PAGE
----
Search Marketers Should Consider Optimizing For Anxiety, Distractions
Conversion optimization (CO) will become one of the most sought after tactics in 2014. Let's face it -- not many marketers do it really well. Not many understand all the nuances of optimization. How many of you optimize for anxiety, for example? It may seem easy to convert Web site visitors into customers, but it's not. It's complicated. Just don't confuse CO with SEO, according to Chris Goward, author of "You Should Test That!"
The majority of online and offline purchases are influenced partly from what consumers see and read on the Web. A friend thought about not purchasing the recently released Z30i Hewlett-Packard monitor with Retina display because he couldn't find any reviews. That would have been a big mistake because of the awesome color and detail.
The goal for marketers generating commerce from a Web site is to increase the average order value for each consumer visiting the site or making a purchase. Often that means relying on reviews and feedback from other consumers.
Goward explains the practice of CO as gaining more revenue or generating actions from the same amount of visitors. He has created a framework that marketers can use to
make Web sites perform better, no matter what the site.
The frameworks work for paid search ads or any other ads for that matter, according to Goward. "We also use the process for mobile experiences, apps, video game interfaces, and more," he said. "It’s a very flexible way of improving all marketing and UX media. The examples I share are mainly around Web site optimization."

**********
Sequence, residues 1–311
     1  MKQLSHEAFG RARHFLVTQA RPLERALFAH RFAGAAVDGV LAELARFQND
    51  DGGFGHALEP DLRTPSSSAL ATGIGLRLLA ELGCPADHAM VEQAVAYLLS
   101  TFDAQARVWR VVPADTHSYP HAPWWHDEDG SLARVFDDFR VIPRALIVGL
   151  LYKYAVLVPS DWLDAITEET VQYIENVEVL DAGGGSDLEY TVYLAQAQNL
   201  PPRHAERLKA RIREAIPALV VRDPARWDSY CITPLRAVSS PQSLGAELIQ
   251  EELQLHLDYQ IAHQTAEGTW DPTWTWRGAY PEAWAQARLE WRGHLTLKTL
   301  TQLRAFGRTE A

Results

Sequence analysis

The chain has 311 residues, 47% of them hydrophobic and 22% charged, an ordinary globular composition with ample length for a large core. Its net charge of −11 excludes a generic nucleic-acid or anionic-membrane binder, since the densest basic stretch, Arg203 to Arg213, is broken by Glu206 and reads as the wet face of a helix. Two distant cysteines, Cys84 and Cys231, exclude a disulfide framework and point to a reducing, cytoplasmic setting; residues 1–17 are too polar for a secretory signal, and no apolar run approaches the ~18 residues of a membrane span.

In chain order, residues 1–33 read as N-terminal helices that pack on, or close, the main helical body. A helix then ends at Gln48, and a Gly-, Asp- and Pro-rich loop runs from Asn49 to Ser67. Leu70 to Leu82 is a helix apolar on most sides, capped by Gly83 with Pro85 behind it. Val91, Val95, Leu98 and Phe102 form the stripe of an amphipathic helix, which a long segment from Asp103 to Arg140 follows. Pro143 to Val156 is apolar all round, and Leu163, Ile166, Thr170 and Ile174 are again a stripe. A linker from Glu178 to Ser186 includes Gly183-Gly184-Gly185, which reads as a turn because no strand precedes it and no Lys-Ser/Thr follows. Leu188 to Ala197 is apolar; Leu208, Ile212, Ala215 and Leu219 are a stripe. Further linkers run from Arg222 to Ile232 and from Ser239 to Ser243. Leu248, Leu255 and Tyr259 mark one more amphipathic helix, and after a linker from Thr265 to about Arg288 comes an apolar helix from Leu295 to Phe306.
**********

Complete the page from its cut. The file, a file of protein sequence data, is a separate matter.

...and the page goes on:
The book takes us through testing and optimizing for values, relevance, and clarity, as well as anxiety, distraction, and urgency. Goward presents examples on how marketers optimize for consumer distractions based on how those distractions sidetrack the purchase process, and provides insight into how distractions reduce conversion rates and how to test and fix them.
Goward believes, as others do, that marketers must design Web sites for results rather than aesthetics. Brands that have a digital agency design Web sites should ask the agency to present a report on revenue improvements. Rather than tell the agency to design an attractive Web site, ask them to design the site with specific goals such as increasing leads and conversions or increasing the average order value of each consumer visiting the site. And please don't allow technical limitations to get in the way. Find someone else who can do the job if the one doing the job says it can't be done.